The results of my work are captured in an XDA thread, but restoring from those captures was an exercise left to the reader. The 2.2 (froyo) image is captured directly from the device, I first rooted the tablet with SuperOneClick then used rotobackup to capture a heimdall friendly set of files for flashing. The original work was tracked in another XDA thread where you can read the blow by blow if you’re interested. For 2.3 (gingerbread) I was able to grab the intermediate files from Kies during the normal upgrade process – the rest of this post will talk about how to use those files to restore the P1000R to a stock 2.3 state.

I’m using heimdall version 1.3.1 on Linux, but other versions and platforms should work fine. I particularly like using Linux to flash the GalaxyTab as it doesn’t suffer the same driver madness that Windows seems to have, USB devices just work. I’ll assume you can find the download and extract the files.

You’ll want to specify the PIT file – gt-p1000_mr.pit, it’s safe to select the repartition box as we’ll be doing the full monty here [sharp eyed readers will notice that the picture at the top of this post doesn’t have the box checked, that’s a mistake on my part – go ahead and check it]. The files map to the heimdall partition names as follows:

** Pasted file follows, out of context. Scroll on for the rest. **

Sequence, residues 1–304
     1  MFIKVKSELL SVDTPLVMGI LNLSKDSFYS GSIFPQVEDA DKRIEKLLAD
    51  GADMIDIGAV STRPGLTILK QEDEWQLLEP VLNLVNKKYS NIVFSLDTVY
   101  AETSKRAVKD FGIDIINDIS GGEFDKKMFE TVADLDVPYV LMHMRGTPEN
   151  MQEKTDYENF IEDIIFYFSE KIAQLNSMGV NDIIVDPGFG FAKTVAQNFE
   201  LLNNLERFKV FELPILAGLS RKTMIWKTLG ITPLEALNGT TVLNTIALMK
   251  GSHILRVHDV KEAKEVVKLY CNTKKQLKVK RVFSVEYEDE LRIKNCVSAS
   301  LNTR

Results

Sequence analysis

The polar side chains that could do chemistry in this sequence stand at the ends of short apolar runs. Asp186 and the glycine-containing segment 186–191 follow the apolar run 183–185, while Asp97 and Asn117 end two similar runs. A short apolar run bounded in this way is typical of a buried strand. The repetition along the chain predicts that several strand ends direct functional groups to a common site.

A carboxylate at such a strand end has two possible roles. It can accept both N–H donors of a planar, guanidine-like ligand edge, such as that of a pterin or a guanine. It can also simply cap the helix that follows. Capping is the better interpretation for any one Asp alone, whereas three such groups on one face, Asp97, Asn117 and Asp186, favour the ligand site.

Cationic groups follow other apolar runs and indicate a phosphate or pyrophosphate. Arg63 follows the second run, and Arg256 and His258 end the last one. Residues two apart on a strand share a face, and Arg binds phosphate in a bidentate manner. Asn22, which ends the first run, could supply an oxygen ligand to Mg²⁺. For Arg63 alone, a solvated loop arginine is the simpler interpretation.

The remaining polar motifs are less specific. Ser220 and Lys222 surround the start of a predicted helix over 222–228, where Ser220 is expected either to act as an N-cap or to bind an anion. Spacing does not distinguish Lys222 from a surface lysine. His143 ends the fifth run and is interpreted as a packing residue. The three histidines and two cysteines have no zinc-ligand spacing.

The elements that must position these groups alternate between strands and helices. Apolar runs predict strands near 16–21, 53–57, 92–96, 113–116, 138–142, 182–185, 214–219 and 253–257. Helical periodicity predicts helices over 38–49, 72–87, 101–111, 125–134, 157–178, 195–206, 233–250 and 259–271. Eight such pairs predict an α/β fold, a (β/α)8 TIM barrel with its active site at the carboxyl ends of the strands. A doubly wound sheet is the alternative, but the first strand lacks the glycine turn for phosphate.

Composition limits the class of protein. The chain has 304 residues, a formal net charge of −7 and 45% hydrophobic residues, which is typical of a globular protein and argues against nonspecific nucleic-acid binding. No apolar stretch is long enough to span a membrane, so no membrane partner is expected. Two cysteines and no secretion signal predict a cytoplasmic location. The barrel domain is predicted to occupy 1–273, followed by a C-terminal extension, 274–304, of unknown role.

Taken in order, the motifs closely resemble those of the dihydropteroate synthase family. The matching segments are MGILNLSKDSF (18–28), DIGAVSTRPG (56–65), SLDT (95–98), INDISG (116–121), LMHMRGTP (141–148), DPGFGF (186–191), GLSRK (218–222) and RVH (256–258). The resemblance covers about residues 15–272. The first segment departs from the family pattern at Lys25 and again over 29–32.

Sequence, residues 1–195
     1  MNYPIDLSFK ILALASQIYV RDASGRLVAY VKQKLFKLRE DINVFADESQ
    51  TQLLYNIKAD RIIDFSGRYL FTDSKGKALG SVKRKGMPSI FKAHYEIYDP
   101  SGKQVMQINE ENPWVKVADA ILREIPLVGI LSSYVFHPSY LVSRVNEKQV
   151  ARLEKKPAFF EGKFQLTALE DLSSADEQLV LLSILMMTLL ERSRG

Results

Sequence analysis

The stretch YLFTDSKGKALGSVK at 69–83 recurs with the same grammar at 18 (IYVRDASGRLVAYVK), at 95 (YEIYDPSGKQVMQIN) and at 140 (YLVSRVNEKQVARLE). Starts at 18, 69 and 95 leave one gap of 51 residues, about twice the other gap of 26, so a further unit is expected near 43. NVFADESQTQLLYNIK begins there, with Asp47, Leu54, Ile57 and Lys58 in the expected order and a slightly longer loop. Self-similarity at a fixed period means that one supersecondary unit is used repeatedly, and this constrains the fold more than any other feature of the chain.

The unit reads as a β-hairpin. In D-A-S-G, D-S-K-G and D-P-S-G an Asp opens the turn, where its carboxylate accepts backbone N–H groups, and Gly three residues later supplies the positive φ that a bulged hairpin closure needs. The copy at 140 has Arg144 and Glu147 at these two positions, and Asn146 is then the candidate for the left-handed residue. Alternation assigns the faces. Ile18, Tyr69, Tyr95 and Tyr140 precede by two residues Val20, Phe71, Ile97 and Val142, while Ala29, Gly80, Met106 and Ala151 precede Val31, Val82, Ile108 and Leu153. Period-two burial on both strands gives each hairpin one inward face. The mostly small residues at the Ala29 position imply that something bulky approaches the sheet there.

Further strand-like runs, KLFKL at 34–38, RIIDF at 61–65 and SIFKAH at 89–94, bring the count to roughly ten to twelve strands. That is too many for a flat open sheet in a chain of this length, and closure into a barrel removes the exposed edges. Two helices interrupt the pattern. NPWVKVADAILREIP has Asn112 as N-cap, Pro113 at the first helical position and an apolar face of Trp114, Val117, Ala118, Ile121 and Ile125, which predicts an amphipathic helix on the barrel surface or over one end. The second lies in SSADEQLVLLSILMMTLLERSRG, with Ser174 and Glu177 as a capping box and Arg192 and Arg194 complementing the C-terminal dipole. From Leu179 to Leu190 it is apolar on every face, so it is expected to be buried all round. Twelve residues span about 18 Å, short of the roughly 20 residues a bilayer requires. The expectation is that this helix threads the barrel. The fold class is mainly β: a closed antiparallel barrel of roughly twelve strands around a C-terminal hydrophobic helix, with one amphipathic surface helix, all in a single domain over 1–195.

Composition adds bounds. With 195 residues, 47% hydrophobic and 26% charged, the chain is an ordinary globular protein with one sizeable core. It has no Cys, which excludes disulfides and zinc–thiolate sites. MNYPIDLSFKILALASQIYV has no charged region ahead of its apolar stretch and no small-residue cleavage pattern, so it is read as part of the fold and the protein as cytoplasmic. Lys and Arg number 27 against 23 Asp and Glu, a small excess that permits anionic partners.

MODEM -> modem.bin
CACHE -> cache.rfs
KERNEL -> zImage
FACTORYFS -> factoryfs.rfs
PARAM -> param.lfs
IBL+PBL -> boot.bin
SBL -> sbl.bin

So click on the Add button and specify the partition type and files from the downloaded and extracted ROM.

Next you need to get your device into download mode. My preferred approach is to hold the power+volume down buttons until the download screen appears (yellow triangle with android digging). Now you can click start on heimdall.

Under Linux at least , this will hit 100% and then fail to reboot. That’s ok. Wait a minute or two to make sure it’s really done, then force it to reboot into recovery mode by holding power+volume up until you see the recovery screen.

Assuming the flash has gone well, the stock recovery will start up and automatically try to install some updates. You should see:

-- Updating filesystem...
E:failed to mount /dbdata (Invalid argument)
E:discard_filesystem_for_rfs:Can't mount /dbdata

-- Wiping cache...
Formatting /cache
Cache wipe failed.

Don’t panic. Remember that this update was expecting to have come from a properly installed 2.2 stock, we’re leaping into the middle of the process.

Using the recovery menus, select ‘factory reset + wipe data’ followed by ‘wipe cache’. One hint for those not used to the stock recovery image, the capacitive home button is used to select entries and volume up/down for navigation.

Now you can reboot. The first boot will take a while as it sorts things out and rebuilds the cache(s).  All should go well and you’ll be greeted by the stock home screen.


Creating DVD Videos with Ubuntu